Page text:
CARACAS Venezuela unveiled currency regulations on Tuesday to help usher in a new foreign exchange platform to combat black market trading, promising the much-delayed system would start in coming days.
The Sicad 2 platform adds a third exchange rate to the country's 11-year-old currency controls that sell dollars at 6.3 bolivars for preferential goods and around 11 for other items.
Officials say it will help lower the price of dollars on the black market, where greenbacks now fetch close to 80 bolivars.
"The first day of operations will be Thursday," said Vice President Jorge Arreaza during a televised meeting with representatives of the agriculture sector.
Economy Vice President Rafael Ramirez had previously told reporters that the platform would start functioning "in the coming hours." He declined to provide details on the amounts likely to be offered or the expected exchange rate.
The central bank will publish instructions outlining the practical details of the platform including details of operations and technology details, according to the regulations published in the Official Gazette.
Dollars can be offered in cash or bonds via Sicad 2 at a price above the other two rates, but below the roughly 80 bolivars that dollars currently fetch on the black market.
The platform would operate daily, with transactions to be completed within 48 hours of a deal.
Both businesses and individuals can participate in the system, which will operate alongside existing currency controls.
(For a link to the Official Gazette, see: here#page=8)
The black market is seen as one of the primary drivers of inflation, which hit 56 percent last year and helped spark opposition protests that have dragged on for close to a month.
Finance Minister Nelson Merentes said inflation for the month of February was lower than the 3.3 percent registered in January, but did not offer the figure.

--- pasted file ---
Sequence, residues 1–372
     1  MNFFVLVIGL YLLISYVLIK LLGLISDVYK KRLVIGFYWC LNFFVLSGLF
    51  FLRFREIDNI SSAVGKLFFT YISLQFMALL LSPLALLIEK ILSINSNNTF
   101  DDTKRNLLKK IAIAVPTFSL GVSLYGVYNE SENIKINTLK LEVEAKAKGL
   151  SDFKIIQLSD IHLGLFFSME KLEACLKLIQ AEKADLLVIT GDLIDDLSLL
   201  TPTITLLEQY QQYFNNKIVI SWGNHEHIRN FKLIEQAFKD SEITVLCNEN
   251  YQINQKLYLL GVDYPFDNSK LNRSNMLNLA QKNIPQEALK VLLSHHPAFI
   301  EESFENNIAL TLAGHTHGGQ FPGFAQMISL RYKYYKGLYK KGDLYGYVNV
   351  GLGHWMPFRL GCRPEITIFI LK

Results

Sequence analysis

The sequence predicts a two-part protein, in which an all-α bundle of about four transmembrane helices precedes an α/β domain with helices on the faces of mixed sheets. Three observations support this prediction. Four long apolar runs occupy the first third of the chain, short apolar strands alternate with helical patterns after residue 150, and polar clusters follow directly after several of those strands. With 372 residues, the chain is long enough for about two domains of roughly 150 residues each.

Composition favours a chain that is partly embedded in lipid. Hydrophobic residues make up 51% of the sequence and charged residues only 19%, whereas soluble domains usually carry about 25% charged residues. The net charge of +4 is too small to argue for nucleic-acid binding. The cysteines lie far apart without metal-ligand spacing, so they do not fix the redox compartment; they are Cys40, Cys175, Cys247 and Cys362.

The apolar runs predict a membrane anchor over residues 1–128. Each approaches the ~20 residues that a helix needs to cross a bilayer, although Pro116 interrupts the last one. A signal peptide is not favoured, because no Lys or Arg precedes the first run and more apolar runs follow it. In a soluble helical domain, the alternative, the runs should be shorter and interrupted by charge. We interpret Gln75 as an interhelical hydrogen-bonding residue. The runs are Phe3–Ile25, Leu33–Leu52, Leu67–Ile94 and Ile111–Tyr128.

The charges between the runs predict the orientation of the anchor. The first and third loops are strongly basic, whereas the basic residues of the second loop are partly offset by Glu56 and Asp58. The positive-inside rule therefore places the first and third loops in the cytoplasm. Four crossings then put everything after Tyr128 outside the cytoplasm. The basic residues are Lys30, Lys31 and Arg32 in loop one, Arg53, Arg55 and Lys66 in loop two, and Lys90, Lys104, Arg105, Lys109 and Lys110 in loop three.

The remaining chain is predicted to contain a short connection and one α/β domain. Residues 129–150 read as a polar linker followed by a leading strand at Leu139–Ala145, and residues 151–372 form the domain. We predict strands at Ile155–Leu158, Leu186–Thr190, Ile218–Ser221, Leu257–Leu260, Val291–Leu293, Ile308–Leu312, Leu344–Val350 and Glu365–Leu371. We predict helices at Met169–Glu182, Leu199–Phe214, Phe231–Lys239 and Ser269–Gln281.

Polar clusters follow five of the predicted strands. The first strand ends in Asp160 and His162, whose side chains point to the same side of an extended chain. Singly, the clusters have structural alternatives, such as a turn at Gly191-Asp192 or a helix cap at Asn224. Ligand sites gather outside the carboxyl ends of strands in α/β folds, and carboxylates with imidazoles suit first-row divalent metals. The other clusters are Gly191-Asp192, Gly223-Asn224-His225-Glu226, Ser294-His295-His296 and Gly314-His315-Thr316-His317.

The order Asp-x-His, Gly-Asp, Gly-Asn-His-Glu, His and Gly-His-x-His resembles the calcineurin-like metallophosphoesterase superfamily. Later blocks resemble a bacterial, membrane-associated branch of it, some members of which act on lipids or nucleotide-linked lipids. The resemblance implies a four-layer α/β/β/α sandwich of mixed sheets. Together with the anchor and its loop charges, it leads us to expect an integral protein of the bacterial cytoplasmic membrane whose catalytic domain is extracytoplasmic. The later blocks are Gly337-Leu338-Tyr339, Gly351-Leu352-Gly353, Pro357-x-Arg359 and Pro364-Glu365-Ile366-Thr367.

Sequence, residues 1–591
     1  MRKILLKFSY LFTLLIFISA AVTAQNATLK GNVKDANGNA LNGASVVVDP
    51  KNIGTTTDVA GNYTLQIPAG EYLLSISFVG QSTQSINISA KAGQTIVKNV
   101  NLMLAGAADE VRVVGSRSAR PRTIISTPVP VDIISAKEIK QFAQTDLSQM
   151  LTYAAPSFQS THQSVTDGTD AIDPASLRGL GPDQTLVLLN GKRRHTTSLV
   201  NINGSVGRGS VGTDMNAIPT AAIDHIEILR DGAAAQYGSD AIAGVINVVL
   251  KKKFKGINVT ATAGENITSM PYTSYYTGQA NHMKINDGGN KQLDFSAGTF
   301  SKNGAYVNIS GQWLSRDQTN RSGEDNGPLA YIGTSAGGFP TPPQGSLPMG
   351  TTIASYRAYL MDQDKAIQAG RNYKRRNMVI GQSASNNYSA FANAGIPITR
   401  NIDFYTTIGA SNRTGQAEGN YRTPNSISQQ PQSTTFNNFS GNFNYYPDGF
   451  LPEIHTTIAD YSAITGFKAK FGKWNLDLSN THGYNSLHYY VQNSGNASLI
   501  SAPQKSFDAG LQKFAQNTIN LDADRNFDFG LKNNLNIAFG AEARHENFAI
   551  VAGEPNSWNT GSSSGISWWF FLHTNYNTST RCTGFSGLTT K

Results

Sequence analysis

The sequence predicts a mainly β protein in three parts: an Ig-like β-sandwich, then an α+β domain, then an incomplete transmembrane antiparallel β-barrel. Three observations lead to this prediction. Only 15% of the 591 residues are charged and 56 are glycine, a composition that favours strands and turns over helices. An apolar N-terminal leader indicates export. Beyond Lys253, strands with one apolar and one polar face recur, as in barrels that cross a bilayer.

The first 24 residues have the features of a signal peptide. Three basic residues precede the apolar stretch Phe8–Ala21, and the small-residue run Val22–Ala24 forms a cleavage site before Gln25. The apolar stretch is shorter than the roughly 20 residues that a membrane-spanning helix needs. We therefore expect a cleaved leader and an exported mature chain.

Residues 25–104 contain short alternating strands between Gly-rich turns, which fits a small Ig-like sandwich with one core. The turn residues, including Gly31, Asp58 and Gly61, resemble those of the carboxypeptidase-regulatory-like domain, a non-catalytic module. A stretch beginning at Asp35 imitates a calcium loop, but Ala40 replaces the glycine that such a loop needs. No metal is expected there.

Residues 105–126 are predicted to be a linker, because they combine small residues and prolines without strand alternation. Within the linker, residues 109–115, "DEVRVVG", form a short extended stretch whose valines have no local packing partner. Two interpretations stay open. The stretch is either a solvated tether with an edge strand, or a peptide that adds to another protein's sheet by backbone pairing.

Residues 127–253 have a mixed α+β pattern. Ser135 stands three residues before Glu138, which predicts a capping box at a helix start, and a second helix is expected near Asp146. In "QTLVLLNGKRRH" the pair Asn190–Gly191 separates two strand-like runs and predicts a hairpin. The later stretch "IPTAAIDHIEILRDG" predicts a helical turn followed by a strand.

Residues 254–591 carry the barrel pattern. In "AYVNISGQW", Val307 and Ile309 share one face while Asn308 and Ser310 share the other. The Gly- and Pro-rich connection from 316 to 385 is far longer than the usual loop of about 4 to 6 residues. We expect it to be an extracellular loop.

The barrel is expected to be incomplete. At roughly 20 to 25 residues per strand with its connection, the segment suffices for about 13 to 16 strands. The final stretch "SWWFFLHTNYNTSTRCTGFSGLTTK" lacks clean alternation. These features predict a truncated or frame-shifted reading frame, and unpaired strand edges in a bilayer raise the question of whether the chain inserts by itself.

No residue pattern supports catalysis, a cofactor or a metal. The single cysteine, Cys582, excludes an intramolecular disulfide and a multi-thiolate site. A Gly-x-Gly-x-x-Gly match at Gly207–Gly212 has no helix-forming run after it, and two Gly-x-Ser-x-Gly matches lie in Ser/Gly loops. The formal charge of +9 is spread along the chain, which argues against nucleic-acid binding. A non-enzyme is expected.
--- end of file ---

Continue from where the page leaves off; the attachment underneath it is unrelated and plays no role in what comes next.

The black market rate has steadily strengthened over the last week after reaching nearly 90 bolivars as businesses have became more optimistic they will be able to buy dollars more affordably through Sicad 2.
The central bank will publish the daily price average, and may intervene to avoid "erratic fluctuations."
State oil company PDVSA PDVSA.UL, which earns about 95 percent of Venezuela's foreign revenues, will be allowed to participate in the market.
Private exporters will be allowed to keep 60 percent of the hard currency they earn, addressing a long-standing complaint of business leaders that exporters had been required to hand over dollars at the unfavorable official rate.
Sicad 2 takes its name from the Spanish acronym for the Complementary Foreign Exchange Administration System.
The country has suffered chronic shortages of basic goods ranging from toilet paper to corn flour as importers struggle to obtain the dollars they need.
The government last month reformed the Exchange Crimes Law to allow businesses and individuals to take part in foreign exchange transactions, which had been previously reserved for the central bank.
Critics say soaring inflation and product shortages are signs that the state-driven model of economics created by late socialist leader Hugo Chavez is running out of steam.
President Nicolas Maduro says speculators and saboteurs are carrying out an "economic war" against him.
(Reporting by Deisy Buitrago, Esteban Israel and Eyanir Chinea; Writing by Andrew Cawthorne and Brian Ellsworth; Editing by Marguerita Choy and Andrew Hay)